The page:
Winnipeg summit puts spotlight on Indigenous child-welfare laws


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Ottawa is willing to move ahead with the first national Indigenous child-welfare laws in Canada, Indigenous Services Minister Jane Philpott says.

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Hey there, time traveller!
This article was published 27/03/2018 (1770 days ago), so information in it may no longer be current.

Ottawa is willing to move ahead with the first national Indigenous child-welfare laws in Canada, Indigenous Services Minister Jane Philpott says.

Philpott made the comments Tuesday in Winnipeg, after she moderated a panel of seven Métis adults who recounted experiences of being removed from their families and placed in foster care in Ontario and British Columbia as children.

Some were told their parents were dead, when they weren’t. Others were moved from place to place. All said they wished the system had been helped their families stay together, rather than apprehending the children.

ALEXANDRA PAUL / WINNIPEG FREE PRESS Metis leaders stand with Indigenous Services Minister Jane Philpott during a break at a three-day Metis child and family services summit that wraps up Wednesday.

The panel was part of a Métis Nation-sponsored, two-day summit on Child and Family Services. During a news conference that followed, Philpott made some of her strongest statements since she declared — at a January meeting with First Nations, Inuit and Métis leaders — the child-welfare system for Indigenous people in Canada was in crisis.

At the time, Philpott mused about the possibility of Canada adopting a legislative framework that would enable Indigenous peoples to take control of child welfare. Up to now, child welfare has been the exclusive jurisdiction of the provinces. Introducing a federal framework would require co-operation across all levels of government, including on First Nations and in Métis and Inuit communities.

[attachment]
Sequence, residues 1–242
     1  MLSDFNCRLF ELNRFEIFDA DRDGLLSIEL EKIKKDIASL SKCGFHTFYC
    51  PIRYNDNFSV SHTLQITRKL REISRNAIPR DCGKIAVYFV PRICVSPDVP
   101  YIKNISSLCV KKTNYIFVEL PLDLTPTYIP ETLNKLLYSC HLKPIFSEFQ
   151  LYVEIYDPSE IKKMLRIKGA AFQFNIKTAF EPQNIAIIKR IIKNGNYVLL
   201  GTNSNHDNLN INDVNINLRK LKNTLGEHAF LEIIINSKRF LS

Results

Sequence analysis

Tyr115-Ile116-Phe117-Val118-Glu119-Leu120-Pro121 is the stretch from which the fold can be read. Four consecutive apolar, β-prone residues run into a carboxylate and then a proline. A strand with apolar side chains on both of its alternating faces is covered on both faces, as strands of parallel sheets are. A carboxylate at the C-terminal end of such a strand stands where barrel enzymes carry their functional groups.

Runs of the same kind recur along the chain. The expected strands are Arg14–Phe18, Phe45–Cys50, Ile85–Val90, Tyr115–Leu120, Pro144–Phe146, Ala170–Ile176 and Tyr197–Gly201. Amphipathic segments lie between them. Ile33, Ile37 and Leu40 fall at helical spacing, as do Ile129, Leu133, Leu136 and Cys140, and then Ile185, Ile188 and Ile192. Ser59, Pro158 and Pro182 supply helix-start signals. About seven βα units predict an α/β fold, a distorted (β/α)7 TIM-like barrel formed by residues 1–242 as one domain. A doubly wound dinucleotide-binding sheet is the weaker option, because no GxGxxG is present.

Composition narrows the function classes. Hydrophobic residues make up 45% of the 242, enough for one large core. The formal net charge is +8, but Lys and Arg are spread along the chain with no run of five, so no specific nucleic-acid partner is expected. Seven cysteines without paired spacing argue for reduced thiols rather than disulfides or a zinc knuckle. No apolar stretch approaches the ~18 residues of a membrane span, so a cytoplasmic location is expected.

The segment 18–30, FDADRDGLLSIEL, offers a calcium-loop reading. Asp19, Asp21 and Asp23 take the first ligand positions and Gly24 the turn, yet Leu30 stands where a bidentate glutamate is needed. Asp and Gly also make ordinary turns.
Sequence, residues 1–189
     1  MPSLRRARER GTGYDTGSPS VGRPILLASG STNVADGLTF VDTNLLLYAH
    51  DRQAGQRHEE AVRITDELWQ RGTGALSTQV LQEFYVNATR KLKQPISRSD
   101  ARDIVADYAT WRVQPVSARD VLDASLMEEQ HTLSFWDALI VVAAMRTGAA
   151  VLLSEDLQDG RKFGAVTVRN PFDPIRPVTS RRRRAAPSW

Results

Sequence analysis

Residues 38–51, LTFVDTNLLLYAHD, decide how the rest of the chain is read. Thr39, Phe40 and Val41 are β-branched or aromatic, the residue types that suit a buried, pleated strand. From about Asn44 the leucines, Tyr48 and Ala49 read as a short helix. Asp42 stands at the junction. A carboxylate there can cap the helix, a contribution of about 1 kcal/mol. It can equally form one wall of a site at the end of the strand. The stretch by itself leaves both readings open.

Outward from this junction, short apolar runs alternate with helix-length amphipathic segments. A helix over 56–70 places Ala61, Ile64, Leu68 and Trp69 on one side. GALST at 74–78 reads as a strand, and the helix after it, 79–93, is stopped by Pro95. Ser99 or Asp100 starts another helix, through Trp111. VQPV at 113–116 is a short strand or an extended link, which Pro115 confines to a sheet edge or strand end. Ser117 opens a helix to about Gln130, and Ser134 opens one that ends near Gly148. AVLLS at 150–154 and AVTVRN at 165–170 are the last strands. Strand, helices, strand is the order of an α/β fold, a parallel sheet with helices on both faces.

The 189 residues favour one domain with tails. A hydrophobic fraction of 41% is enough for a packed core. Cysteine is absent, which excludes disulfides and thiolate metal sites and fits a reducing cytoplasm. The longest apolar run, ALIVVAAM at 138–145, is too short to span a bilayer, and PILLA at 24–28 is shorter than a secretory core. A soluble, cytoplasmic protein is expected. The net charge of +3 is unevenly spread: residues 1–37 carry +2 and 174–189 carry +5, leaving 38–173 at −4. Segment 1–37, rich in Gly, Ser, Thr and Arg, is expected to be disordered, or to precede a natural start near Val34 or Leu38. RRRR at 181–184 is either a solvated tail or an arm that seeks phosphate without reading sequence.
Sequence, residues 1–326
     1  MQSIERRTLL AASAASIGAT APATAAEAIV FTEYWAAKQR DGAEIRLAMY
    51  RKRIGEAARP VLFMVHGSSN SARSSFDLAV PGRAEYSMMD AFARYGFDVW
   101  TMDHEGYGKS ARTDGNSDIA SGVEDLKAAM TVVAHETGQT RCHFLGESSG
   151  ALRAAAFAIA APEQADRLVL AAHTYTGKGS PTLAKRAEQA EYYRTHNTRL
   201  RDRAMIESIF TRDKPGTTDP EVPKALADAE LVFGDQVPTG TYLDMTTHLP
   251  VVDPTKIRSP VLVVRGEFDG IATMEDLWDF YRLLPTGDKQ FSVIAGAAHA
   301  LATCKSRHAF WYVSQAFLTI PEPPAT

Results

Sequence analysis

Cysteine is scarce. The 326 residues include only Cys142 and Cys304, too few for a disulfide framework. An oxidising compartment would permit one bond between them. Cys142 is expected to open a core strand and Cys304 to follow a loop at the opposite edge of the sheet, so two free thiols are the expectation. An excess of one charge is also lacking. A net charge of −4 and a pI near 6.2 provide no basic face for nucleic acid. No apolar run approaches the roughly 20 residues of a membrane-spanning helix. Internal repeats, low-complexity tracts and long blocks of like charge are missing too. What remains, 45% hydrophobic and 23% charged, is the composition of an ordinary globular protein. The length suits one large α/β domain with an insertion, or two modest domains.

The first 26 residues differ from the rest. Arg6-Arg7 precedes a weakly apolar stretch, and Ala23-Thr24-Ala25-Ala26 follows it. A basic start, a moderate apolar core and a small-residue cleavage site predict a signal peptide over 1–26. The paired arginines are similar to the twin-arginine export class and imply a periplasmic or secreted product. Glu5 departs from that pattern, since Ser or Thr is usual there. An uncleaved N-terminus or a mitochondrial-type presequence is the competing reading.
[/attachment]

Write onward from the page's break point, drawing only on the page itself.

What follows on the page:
On Tuesday, the minister said she’s consulting Indigenous leaders on how to move forward.

“We recognize the timeline is short within our mandate (the next federal election will likely be in October 2019). To introduce legislation and get it through the House is potentially challenging. I need to hear from our partners, First Nation, Inuit and Métis leaders across the country as to where this ranks in their priorities,” Philpott said.

“We are prepared to do the work to put legislation in place that’s co-developed and move it through, potentially before the end of the mandate,” she said. “This is not something we decide on our own. It needs to be done in an appropriate, respectful manner.”

In recent months, Ottawa has signed a memorandum of understanding with the Assembly of Manitoba Chiefs on child welfare.

On Wednesday, Philpott is expected to sign a similar agreement on health with the province’s northern chiefs, represented by the Manitoba Keewatinowi Okimakanak.

“The minister got a round of applause when she said she would work with the Métis governments on legislation that will ensure (apprehension) will not happen in the future. We believe that legislation is absolutely necessary. That the children must be at home with their families, in their communities, with their own culture and identity,” Manitoba Metis Federation president David Chartrand said.

Thousands of Indigenous children were removed from their families, often because of poverty, and adopted out to non-Indigenous families in Canada, the United States, and as far away as Europe, a phenomenon known as the ’60s Scoop.

“Legislation robbed us of our children in the ’60s and ’70s, and sent them to the States and all around the world. Now, legislation can create a new future where we will never ever fear that our children will be robbed from us again,” Chartrand said.

The Truth and Reconciliation Commission of Canada, which released its executive summary in 2015, called for federal laws to protect Indigenous children in the child-welfare system.

The U.S. offers examples of laws that recognize the authority of Indigenous people to control child welfare. There are also legal precedents Ottawa can draw on such as the United Nations Convention on the Rights of the Child and the UN Declaration on the Rights of Indigenous Peoples.

“We see that babies are apprehended from mothers in hospitals in this city, without the mother necessarily having been forewarned there was an alert on her chart. We see that there’s no onus, no due process required to show every other avenue has been pursued that there’s a less-disruptive method than apprehension of the child,” said Philpott.

The minister then referenced a recent, precedent-setting court ruling in B.C. that upheld a mother’s right to daily access to her newborn.

“We saw the courts uphold a provincial law that did require recognition of due process. But we’re not seeing that across the land… These are things that federal legislation could do.”

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